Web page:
Sunday, February 7, 2016

EASY STREET

Chaplin's ninth film for Mutual was released February 5th, 1917. The release of the film was delayed for two weeks due to rain, as well as an accident in which Chaplin received several stitches. More about this below.

Plot: Reformed Charlie becomes a policeman and his beat is Easy Street, the toughest street in town.

The film opens with Charlie asleep on the ground outside of the Hope Mission.
According to the Washington Times (Feb. 11, 1917), during the filming of this scene the baby, attracted to Chaplin's mustache, suddenly reached up and tore it off his lip ("and also part of said lip.") In order to go on with filming, Chaplin had to return to his dressing room to apply a replacement. Meanwhile, "the baby held tightly to its new possession and even went to the extent of insisting in a way all its own to taking it home. Here its mother finally secured it and she realized it was a souvenir well worth keeping. That evening she recounted the experience to her husband and showed him the prize." To make a long story short, the "prize" ended up being auctioned off at a charity bazaar for $110.

Charlie is enamored with Edna, the mission's organist.

"Chaplin at first proposed to take the part of the missionary in order that his affair with the beautiful Edna might have a better chance to fructify, but decided that it would be undignified for a clergyman to descend from the pulpit and beat up the irascible [Eric] Campbell." (Reel Life, 1917)
Crew member Dave Allen recalled that "when Charlie wanted anything, he'd yell for it, and the person nearest it would grab it and give it to him. When Charlie started yelling 'Truncheon! Truncheon!' I thought he was calling 'Luncheon' and sent the extras off to eat--it seems in London the cops call a nightstick a truncheon." When Chaplin heard of the mistake, he burst into laughter. (Harry Crocker manuscript via Charlie Chaplin Archives, Taschen 2015)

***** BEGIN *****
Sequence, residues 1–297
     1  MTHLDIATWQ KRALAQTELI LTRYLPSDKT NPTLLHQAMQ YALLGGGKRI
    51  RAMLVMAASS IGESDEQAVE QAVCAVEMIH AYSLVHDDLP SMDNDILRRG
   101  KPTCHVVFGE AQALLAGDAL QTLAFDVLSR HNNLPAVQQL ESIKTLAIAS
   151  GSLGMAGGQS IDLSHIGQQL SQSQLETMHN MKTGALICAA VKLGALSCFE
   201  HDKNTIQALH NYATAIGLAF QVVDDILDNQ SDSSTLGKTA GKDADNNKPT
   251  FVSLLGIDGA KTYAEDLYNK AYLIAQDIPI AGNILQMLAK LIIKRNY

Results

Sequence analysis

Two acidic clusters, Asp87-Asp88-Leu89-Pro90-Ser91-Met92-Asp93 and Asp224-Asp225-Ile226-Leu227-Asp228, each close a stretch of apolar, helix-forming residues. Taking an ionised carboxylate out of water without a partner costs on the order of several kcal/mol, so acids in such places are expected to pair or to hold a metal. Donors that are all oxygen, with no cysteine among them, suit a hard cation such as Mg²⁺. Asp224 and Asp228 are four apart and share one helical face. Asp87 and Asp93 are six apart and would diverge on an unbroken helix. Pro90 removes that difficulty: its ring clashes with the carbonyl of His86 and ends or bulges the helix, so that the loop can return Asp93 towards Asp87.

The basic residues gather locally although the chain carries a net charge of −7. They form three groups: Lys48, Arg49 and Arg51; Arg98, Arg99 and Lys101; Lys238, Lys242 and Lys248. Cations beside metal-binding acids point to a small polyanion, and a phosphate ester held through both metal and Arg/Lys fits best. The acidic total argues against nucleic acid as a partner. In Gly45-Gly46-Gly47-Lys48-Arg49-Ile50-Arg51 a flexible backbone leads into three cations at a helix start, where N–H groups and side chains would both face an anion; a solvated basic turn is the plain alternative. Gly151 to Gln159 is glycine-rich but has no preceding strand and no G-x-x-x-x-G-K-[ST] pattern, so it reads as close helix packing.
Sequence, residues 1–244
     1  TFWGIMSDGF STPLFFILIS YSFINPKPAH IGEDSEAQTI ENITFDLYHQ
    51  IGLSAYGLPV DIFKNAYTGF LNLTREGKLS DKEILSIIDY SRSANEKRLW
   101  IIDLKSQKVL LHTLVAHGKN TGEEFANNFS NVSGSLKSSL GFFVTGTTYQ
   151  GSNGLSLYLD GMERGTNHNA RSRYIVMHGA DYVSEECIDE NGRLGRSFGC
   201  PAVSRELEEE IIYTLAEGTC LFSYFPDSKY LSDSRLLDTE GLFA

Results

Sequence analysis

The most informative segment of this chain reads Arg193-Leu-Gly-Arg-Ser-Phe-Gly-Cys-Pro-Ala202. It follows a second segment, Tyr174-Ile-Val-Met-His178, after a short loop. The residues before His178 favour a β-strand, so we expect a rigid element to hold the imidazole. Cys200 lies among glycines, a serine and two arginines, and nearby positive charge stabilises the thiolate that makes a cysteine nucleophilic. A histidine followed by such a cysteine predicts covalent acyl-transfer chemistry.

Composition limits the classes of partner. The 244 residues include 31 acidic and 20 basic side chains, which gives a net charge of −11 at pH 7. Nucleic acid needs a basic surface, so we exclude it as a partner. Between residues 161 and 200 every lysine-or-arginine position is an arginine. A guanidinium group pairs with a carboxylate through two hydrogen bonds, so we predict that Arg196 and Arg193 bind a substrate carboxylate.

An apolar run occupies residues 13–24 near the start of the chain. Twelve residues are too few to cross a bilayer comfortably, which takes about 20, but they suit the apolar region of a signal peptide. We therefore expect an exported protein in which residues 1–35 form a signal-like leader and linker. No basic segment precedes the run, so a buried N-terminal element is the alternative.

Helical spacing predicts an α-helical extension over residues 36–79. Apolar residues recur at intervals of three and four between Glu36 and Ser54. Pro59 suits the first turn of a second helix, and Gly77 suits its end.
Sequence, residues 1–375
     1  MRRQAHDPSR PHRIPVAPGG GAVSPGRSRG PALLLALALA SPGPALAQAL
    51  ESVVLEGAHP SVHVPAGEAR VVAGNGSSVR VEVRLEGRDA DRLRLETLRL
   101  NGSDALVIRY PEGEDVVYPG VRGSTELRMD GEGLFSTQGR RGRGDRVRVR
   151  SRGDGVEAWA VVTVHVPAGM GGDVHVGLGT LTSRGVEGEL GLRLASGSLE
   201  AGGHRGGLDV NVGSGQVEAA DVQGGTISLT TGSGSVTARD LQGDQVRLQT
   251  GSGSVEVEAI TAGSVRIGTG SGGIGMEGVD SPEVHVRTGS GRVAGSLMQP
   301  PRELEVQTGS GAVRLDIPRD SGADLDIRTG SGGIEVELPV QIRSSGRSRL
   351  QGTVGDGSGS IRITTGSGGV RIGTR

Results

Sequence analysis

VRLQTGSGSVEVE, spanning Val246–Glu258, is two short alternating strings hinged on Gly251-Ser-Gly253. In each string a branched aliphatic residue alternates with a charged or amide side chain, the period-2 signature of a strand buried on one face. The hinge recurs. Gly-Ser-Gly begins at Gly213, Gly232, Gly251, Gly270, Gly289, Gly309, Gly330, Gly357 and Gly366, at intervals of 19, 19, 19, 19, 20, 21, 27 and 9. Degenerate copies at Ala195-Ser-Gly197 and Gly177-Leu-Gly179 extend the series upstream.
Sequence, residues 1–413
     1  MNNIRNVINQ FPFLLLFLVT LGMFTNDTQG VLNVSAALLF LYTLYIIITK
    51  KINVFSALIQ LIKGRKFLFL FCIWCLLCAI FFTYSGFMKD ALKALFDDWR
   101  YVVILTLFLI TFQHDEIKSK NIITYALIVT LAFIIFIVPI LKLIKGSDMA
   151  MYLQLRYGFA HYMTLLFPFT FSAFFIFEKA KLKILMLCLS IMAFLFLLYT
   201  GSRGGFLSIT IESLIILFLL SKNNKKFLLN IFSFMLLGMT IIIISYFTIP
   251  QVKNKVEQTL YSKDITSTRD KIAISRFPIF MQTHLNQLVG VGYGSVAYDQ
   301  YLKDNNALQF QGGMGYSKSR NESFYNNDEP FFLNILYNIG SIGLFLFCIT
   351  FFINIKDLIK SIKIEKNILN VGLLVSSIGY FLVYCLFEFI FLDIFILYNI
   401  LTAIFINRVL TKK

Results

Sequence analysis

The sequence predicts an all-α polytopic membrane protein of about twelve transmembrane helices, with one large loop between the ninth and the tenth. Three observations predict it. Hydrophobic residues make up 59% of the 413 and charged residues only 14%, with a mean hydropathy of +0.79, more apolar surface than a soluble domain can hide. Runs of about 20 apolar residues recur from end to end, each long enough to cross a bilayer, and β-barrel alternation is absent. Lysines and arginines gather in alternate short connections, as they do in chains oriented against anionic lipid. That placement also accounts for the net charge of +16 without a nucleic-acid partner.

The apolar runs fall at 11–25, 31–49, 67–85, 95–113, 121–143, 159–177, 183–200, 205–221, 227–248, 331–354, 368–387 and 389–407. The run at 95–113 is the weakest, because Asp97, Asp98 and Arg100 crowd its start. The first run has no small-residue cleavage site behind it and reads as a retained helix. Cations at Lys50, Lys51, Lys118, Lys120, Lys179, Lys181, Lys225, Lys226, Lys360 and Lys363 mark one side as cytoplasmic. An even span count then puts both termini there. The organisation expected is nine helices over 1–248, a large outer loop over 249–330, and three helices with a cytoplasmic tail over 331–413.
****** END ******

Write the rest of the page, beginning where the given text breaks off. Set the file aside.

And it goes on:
Filming was delayed when Chaplin injured himself while filming this scene with Eric Campbell: "I pulled a lamp post over on myself,” he explained. “It was necessary to take several stitches and I lost a good deal of blood--I didn’t know I had so much blood. We kept the scene, too. It makes one of those serious little touches, you know.” (The Day Book, Feb. 9, 1917)
Regarding this scene, Chaplin told Sergei Eisenstein in 1930: "You remember the scene in Easy Street where I scatter food from a box to poor children as if they were chickens? You see, I did this because I despise them. I don't like children." (Eisenstein, Notes Of A Film Director, 1959) 
Charlie accidently sits on a hypodermic needle which gives him the superhuman strength to beat up the Easy Street bullies. 
...and save the day.

3 comments:

  1. Wait I'm confused, he didn't like children? I have all ways read that he did beside wasn't his fan base mostly made of children, also why have 11 kids if you don't like them? Super confused right now haha

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    1. Eisenstein felt that Chaplin disliked children because he was a child himself. But who knows what Chaplin actually meant by the statement, or if he was being serious. One possible explanation is that he may have been intimidated by children. A few years earlier in "My Trip Abroad," he wrote: "Despite the fact that I love children, I find them difficult to meet. I feel rather inferior to them...And one has to be very much on his best behavior with children because they detect our insincerity."

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  2. Easy Street is in my opinion a masterpiece. I like all Charlie's Mutuals best, and Easy Street is the best of them in my opinion. I wonder if it was cathartic for him, it's so gritty and real, captures what slum life must have been like, and dealing with bullyish cops. It's a very funny and yet gritty film. Also, a bit of trivia, the scene near the end where Eric is chasing Charlie, briefly you see them on the real life streets of Los Angeles, then back to the T shaped set.

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